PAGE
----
The Solution: James Krieger stated “One problem with the GI is that foods are usually tested by themselves. However, combining foods of different GI’s, and/or adding in protein and fat, can change the GI. This is a problem when trying to use the GI system, because most people consume mixed meals. Thus, it is questionable whether you can estimate the GI of a meal or entire diet.”
Problem #3: Some researchers have developed a formula to estimate the glycemic index of an entire meal; however, research results have not been consistent when looking at the reliability of this formula. Some research has shown the formula to not work very well, while other research has shown good agreement between the actual glycemic index and formula-predicted glycemic index of a meal.
The Solution: A 2011 study out of the Journal of The American Journal of Clinical Nutrition showed that the formula used to calculate the GI of mixed meals overestimated the meal GI by up to 22 – 50%. This is a large overestimation, and further questions whether GI is a useful tool for most people
Problem #4: Researchers and GI advocates claim that people should make their food choices based off of the GI system.
The Solution: You really shouldn’t rely on GI to dictate your food choices. It is simply too unreliable. It is better to pay attention to fiber content and overall food quality when determining your carbohydrate choices.
Problem #5: One popular belief regarding GI is that high GI foods are not as satiating as low GI foods. The thought is, if a food breaks down more quickly into glucose in the blood, it will cause a rapid rise in blood sugar, followed by a rapid fall. This rapid fall in blood sugar would then stimulate hunger. This would theoretically lead to overeating.
The Solution: In 2014, Wu and Colleagues showed the opposite of what many believe regarding GI. Many people think that high GI foods are less satiating, which would cause you to eat more. However, the high GI meals were actually more satiating in this study. This questions the idea that a rapid rise and fall in blood sugar due to a high GI meal would create hunger and causes someone to overeat.
A great example is a white potato, it has a high GI index, but it’s considered a nutrient dense food source that contains a lot of vitamins and minerals. In fact, a 1995 paper from the European Journal of Clinical Nutrition showed that potatoes are the number one satiating food some can eat during a weight loss phase.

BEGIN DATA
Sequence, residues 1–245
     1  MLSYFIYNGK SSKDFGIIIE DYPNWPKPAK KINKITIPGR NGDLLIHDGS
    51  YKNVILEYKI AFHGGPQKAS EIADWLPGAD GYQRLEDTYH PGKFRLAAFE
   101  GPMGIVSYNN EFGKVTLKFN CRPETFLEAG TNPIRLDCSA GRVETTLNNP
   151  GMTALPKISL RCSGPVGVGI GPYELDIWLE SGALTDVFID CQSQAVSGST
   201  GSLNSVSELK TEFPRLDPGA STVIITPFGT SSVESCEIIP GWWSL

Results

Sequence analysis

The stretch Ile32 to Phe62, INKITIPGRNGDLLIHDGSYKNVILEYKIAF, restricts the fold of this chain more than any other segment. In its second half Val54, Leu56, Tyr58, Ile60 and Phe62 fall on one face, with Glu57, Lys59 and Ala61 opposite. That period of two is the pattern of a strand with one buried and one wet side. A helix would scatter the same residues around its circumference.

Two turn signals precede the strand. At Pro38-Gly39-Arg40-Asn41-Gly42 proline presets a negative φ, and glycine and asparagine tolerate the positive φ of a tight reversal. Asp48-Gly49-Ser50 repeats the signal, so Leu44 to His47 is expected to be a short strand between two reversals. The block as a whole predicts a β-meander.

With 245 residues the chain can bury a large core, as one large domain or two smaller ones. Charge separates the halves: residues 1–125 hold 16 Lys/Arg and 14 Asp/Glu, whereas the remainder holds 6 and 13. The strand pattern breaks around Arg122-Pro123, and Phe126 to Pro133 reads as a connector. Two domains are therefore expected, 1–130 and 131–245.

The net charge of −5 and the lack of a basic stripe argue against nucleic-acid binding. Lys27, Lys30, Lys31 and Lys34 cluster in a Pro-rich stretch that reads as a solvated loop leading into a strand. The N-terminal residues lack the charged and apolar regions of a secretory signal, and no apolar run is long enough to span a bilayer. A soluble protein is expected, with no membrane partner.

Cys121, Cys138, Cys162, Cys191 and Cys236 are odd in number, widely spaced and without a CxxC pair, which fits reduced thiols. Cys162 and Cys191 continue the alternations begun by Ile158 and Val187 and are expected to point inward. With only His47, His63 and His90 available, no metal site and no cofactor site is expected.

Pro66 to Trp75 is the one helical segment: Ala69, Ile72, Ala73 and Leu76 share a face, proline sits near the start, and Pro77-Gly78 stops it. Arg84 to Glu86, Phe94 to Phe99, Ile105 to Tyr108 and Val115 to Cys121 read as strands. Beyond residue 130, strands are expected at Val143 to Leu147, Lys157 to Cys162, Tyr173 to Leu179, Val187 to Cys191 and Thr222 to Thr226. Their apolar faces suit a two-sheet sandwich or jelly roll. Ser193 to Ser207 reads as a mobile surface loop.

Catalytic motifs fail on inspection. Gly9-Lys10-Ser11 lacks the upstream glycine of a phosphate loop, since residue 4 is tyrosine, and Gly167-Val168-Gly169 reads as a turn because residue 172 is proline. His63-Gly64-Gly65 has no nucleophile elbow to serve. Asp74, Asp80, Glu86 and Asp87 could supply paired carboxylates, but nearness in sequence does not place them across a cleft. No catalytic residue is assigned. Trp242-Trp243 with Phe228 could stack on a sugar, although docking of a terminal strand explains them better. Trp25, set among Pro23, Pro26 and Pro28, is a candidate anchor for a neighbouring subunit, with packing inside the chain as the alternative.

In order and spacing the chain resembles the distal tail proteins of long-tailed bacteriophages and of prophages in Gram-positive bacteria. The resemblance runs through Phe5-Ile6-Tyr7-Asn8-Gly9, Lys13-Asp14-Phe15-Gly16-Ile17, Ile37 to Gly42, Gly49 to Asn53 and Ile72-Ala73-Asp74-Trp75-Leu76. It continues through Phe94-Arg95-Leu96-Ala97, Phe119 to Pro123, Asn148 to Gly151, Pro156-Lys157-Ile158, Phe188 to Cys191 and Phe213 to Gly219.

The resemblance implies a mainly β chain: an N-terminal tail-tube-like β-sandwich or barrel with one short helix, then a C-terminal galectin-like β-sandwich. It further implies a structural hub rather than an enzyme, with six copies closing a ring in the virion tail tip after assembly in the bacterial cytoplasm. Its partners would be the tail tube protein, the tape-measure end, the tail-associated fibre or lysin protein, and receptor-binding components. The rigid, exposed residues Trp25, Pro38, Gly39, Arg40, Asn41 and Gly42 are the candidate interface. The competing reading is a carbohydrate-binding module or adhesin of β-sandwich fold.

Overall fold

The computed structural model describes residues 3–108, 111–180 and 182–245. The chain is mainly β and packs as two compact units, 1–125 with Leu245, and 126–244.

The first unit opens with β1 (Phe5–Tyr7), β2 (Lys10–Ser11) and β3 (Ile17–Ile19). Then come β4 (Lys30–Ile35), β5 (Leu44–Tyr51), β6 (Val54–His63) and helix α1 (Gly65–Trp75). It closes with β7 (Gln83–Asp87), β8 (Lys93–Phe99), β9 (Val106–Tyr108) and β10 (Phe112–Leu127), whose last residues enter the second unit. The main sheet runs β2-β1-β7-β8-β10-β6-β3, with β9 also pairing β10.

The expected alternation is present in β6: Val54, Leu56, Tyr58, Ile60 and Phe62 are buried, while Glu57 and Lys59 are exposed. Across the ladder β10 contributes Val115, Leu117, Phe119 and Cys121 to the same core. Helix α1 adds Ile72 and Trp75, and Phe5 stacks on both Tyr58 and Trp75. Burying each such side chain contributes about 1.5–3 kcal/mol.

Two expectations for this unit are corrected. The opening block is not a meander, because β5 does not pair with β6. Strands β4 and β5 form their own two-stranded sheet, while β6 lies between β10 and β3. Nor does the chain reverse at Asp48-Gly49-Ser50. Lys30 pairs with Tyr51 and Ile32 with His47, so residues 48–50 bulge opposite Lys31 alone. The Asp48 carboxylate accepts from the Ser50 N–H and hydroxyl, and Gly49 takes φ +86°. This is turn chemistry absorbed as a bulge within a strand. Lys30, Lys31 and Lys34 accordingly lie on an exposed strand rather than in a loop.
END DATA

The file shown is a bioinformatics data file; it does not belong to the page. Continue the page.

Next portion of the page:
What Should we Pay Attention to
In the very in depth article “The Utility of the Glycemic Index: The Final Nail?” By James Krieger, he states the following, “One problem with the GI is that foods are usually tested by themselves. However, combining foods of different GI’s, and/or adding in protein and fat, can change the GI. This is a problem when trying to use the GI, because most people consume mixed meals. Thus, it is questionable whether you can estimate the GI of a meal or entire diet.”
Krieger also states, “The bottom line is that GI is very limited in its usefulness. It can have some utility when you are looking to get a rapid rise in blood sugar after a workout to enhance glycogen replenishment in your muscles, or if you have diabetes and are consuming an individual food and need to watch your blood sugar. But when it comes to mixed meals or an overall diet, the glycemic index should go the way of the dodo.”
We are in full agreement with what Krieger is saying here in his above statements. 90-100% of the time we as athletes and especially the Mountain Dog Community will always consume a balance of protein, carbs, and fats with each meal. It is very rare that we will just consume a carbohydrate source and measure its GI index. Therefore, the GI of a food source should not be relevant within your daily nutritional regimen. What should matter is you being consistent within your daily macros, training hard, and having a balance of enjoyable nutrient dense foods along being consistent over the course of time.
We are huge advocates on providing our audience with practical solutions and giving detailed direction.
- Increasing the consumption of daily fiber through whole grains, nuts, legumes, fruit, and non-starchy vegetables
- Include whole and minimally refined carbohydrate sources
- Decreasing the consumption of sugary foods like cookies, cakes, candy, and soft-drinks
- Partition more of your daily carb allotment pre and post workout. Our bodies regulate glucose better during training and insulin sensitivity is higher
- Try having 50% of your preworkout carb source come from faster digesting carbs (Higher GI) so your body uses glucose rather than stored glycogen and you get an instant burst of energy
- Then for your post workout you could have lower GI based foods that will digest slower and keep you fuller
- Most of all focus on: adherence and consistency, your daily calories, and macronutrient ratios with a good variety of nutrient dense foods
Give this a try and let us know how you like it.